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Jesus: The Ethical Teachings of a Social Deviant

Series on the Teachings of a Galilean Sage: The Sermon on the Mount, PART II

The social world order seems to erupt in chaos and violence on a regular basis these days. Regimes hold on to political power at all costs, while those who are more often than not economically oppressed demonstrate and confront government forces with little more than their willingness to stand in opposition.

If this all sounds like pure political commentary, consider this: The socio-political landscape in first century Palestine, CE, wasn’t much different. The practical means by which the imbalance of power was wielded by some over others may have been rather primitive by today’s technological standards; but the end game was the same.

The itinerant Jewish peasant teacher and sage who would long be remembered as uttering such impractical non-sense as “turn the other cheek” and “love your enemy,” was the same historical figure that was executed as an insurrectionist, not a “resurrectionist.” As I’ve put it bluntly elsewhere, Jesus didn’t die for our sins, but because of them.

But the historical Jesus’s message deviated so radically from the “you have heard it said, but I say to you” literary device employed that it constituted a world view that did not simply turn everything upside down; but attempted to right what becomes a distorted “default” assumption of human nature that too easily concedes it is only human instinct to regard ourselves as prejudicial and self-centered creeps.

Jesus’ teachings to “turn the other cheek” and “love one’s enemies” is an invitation to an inward journey of the self; and a call to reclaim our true huma n nature.

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How Wolves Change Rivers

When wolves were reintroduced to Yellowstone National Park in the United States after being absent nearly 70 years, the most remarkable “trophic cascade” occurred. What is a trophic cascade and how exactly do wolves change rivers? George Monbiot explains in this movie remix.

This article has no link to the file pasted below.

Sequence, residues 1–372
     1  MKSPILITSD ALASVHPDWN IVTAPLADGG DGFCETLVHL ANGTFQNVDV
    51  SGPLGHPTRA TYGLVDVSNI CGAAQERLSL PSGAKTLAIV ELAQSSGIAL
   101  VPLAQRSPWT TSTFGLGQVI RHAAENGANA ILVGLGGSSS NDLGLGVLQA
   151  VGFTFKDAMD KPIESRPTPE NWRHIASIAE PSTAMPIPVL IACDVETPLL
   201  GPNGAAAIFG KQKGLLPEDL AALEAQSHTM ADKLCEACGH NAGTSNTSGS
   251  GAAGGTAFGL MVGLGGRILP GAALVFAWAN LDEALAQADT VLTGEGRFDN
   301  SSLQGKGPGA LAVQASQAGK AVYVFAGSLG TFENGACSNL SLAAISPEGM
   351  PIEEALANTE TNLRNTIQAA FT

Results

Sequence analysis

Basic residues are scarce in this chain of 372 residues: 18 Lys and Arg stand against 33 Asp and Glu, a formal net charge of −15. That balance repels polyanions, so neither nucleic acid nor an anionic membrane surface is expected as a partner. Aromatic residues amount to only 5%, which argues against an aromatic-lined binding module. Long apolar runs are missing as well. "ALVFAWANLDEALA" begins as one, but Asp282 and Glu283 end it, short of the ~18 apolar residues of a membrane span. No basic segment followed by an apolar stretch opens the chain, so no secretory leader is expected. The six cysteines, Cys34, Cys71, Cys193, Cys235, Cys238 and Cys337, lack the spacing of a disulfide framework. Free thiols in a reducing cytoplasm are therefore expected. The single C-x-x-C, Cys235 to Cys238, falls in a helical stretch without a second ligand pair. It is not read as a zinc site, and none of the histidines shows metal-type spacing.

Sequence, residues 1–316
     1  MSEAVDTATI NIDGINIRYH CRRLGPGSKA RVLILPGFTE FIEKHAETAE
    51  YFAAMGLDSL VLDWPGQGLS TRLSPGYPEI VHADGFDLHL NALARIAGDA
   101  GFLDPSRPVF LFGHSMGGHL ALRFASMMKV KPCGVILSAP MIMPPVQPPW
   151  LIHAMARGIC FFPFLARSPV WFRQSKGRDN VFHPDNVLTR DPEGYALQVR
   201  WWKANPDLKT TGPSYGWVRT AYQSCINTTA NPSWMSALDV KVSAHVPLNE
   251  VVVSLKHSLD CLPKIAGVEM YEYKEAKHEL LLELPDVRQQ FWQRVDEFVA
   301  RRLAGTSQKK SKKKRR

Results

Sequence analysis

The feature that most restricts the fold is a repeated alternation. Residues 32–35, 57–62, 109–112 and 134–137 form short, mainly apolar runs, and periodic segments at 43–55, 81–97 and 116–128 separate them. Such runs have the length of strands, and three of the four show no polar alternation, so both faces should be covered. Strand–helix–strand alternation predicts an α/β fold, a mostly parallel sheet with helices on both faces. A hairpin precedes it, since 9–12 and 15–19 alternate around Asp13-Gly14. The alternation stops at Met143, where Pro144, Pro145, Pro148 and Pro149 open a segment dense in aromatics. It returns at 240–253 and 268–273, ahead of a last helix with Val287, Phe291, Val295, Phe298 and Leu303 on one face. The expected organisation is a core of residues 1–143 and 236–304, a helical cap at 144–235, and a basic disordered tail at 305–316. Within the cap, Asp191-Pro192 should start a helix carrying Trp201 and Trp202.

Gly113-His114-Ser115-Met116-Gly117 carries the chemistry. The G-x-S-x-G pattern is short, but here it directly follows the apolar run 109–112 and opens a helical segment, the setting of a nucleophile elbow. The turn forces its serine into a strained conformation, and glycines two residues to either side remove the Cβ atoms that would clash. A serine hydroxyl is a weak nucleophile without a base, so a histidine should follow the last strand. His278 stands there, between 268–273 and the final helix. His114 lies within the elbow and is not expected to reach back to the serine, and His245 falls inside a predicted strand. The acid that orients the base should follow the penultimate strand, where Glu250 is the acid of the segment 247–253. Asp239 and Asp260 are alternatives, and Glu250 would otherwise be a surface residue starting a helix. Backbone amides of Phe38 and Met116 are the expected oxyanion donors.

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Whose Streets? feat. Chris Blount and Slim Bracey – MP3

Inspired by the Occupy movement and the Arab Spring, it is an echo of these and a call for something larger.

Come on- brothers and sisters West to East
Don’t let these corporate suit and ties disrespect the streets
Lets be more than outsiders with an angry speech
It’s time to occupy, speak your peace, let’s go!

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Sample Ceremony: BLESSING OUR TAXES

Blessing taxpayers and taxes for the sake of the common good, while asking for divine guidance as citizens in shaping and improving the way our taxes are spent

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I Stand For Peace- Video

I Stand For Peace is a thought-provoking pre-promotional campaign for Project-Peace On Earth, a global concert event that will broadcast spiritually-inspired music from some of the earth’s most sacred sites.

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Patheos Public Square: Faith in the New Security State- Panel

Since 9/11 Americans have largely accepted the idea that national security requires a trade-off between government power and freedom. However, recent revelations about the extent of government surveillance have raised serious questions about overreach, abuse of power, and the limits of democracy. How should people of faith respond to these revelations? Amid wide-spread public apathy over drone warfare, surveillance, and open-ended wars on “terror,” how can faith leaders provide stronger moral leadership? Do our faith traditions have anything distinctive to say in relation to alleged government overreach, whether by the NSA or the CIA? And how do we assess the ethics of those who expose secret government operations in the name of preventing abuse?